As sad as it is to say, The Doctor’s short-but-sweet cameo was the best part of this opening episode. And this doesn’t come as much as a surprise. A lot of the reasoning behind me even wanting to give this spin-off a chance was because it tied into Doctor Who so closely. The knowledge that we would get to see The Doctor merge once again with one of his spin-offs is always an exciting idea. Plus I love Peter Capaldi’s Doctor. He’s simply fantastic in the role and it has been criminal not seeing him in a series at all this year.

So to at least see him for ten minutes in this episode was worth my time, even if the rest of the story, setting and characters didn’t meet up to Capaldi’s presence. It was interesting how he tied into the narrative, if slightly predictable once you realised Charlie and Miss Quill were aliens, but it was upsetting to know he was pushed back and wasn’t allowed to take full control. Deep down it reminded me how much I would rather be watching The Doctor in his own episode. I think the sad truth is that more fans will tune into this solely to see Capaldi and not the other characters.

Like I said earlier, Class lacks in promoting decent characters. It certainly lacks a hook like the other spin-offs. The only relation Class has to Doctor Who is the setting and to be fair it’s not the best setting. Sure we had the whimsical first episode, “An Unearthly Earth”, briefly set in Coal Hill School along with the brilliant battle between Ace and the Daleks in “Remembrance of the Daleks” but these moments were great because the setting was used in a clever way to create a brilliant story. You can’t just have the setting be a plot-element without using it a clever way and at the moment we have dull looking school corridors with teenagers fighting aliens within them. Sounds promising but it has to also look good, as well as be executed well.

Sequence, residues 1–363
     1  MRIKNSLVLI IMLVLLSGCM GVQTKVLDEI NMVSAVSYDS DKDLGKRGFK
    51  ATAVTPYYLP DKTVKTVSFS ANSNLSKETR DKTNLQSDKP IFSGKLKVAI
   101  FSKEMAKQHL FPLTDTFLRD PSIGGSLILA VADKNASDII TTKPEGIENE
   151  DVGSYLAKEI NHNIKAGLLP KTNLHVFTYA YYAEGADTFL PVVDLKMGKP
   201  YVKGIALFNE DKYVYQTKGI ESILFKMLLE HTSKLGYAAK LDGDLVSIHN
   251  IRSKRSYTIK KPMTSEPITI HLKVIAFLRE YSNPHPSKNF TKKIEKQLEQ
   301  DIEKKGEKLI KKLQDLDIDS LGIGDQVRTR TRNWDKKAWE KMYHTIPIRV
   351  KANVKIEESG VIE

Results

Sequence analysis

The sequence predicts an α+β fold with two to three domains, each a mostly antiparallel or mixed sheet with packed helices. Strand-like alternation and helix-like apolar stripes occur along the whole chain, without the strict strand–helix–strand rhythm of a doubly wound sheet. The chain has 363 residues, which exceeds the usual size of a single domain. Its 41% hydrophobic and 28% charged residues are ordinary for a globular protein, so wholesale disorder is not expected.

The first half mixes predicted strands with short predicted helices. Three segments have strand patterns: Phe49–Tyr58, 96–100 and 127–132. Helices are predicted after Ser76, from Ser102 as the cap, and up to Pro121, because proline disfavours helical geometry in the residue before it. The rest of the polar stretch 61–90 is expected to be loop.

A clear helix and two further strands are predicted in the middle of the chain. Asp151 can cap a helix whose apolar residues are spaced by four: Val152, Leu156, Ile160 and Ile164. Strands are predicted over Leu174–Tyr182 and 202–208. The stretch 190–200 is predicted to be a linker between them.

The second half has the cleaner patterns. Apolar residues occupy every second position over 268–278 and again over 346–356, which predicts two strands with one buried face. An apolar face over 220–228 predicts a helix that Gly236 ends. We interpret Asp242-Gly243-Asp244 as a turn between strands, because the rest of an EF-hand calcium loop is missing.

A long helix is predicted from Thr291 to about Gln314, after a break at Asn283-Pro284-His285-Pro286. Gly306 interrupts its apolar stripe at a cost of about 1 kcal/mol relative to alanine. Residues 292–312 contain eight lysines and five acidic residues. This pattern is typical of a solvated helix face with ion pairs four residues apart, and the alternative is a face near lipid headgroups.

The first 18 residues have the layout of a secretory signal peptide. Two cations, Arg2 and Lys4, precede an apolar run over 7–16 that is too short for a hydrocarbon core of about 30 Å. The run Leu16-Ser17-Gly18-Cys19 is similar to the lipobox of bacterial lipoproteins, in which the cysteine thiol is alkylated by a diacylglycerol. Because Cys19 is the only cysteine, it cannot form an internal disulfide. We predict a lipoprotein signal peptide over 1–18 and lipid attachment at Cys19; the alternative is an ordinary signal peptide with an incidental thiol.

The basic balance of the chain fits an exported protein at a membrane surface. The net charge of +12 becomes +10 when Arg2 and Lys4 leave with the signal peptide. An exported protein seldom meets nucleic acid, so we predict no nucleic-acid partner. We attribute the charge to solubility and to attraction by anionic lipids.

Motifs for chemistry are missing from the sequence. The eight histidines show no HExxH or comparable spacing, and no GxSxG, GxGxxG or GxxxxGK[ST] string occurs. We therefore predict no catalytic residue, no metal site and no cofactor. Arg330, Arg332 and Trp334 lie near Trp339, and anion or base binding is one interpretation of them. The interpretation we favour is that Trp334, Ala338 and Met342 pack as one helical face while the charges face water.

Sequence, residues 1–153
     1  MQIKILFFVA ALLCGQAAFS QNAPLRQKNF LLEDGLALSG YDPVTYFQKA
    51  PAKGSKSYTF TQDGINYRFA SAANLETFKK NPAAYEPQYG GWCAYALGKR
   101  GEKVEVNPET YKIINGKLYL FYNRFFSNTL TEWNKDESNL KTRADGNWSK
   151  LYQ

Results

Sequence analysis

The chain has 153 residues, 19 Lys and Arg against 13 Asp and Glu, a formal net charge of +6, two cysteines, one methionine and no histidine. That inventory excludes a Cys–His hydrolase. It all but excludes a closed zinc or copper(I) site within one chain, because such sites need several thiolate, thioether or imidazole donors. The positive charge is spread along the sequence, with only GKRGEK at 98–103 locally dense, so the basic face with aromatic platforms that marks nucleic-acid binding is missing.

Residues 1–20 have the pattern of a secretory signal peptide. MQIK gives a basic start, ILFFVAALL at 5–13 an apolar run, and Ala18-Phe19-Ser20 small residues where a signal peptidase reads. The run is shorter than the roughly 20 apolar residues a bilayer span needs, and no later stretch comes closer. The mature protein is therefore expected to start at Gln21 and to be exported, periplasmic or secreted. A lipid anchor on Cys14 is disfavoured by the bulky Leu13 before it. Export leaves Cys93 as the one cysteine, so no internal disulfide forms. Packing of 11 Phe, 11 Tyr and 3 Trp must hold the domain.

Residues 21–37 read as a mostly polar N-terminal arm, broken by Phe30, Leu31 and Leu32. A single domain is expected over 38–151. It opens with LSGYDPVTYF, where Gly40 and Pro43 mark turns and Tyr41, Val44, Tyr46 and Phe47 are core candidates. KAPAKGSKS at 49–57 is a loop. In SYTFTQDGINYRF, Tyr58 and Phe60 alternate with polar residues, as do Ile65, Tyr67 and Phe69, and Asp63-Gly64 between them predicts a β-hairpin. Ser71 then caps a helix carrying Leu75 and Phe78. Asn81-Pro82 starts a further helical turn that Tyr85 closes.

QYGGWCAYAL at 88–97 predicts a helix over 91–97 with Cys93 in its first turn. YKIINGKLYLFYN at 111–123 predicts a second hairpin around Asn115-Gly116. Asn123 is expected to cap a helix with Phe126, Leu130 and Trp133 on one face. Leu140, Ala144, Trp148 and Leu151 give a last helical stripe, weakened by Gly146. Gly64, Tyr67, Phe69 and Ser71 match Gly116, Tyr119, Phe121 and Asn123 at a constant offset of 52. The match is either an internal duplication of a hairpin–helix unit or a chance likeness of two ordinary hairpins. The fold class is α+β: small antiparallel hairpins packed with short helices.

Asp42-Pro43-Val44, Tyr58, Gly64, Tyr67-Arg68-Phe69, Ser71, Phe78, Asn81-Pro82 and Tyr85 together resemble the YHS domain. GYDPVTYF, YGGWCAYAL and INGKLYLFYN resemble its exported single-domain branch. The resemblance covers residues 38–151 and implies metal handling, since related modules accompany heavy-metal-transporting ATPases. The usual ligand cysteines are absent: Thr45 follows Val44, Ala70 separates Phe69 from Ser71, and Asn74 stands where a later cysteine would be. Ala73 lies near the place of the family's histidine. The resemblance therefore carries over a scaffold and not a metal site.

I feel Class has so much potential but luckily it is still early days and I have some hope that Ness can pull something out of the bag and produce something good. I think we just need to get more clever and adventurous otherwise Class won’t gain its own stamp within the Whoniverse and will simply remain an after-thought plucked from the main series.

Episode Grade: D

Pros and Cons

+ Peter Capaldi’s cameo as The Doctor!!! Loved it when he told Miss Quill she has to stay and look after Charlie and the others (hope he comes back later on in the series to check up on them).

+ Miss Quill and Charlie’s backstory, and fun chemistry.

– Boring/Stereotypical teenage characters.

– Random swearing and explicit violence (this is meant to be a Doctor Who spin-off right?)

– Bland and unimaginative villain.

– Other than The Doctor’s short cameo, Class has little to do with Doctor Who and thus doesn’t feel like it should be connected to its universe.

A shout to all you Whovians out there, what did you think about the opening episode of Doctor Who‘s latest spin-off? Does it compare to the others or was it an idea best left lost in time? Share your thoughts and opinions in the comment section below or on our Twitter page!

About the author

John Hussey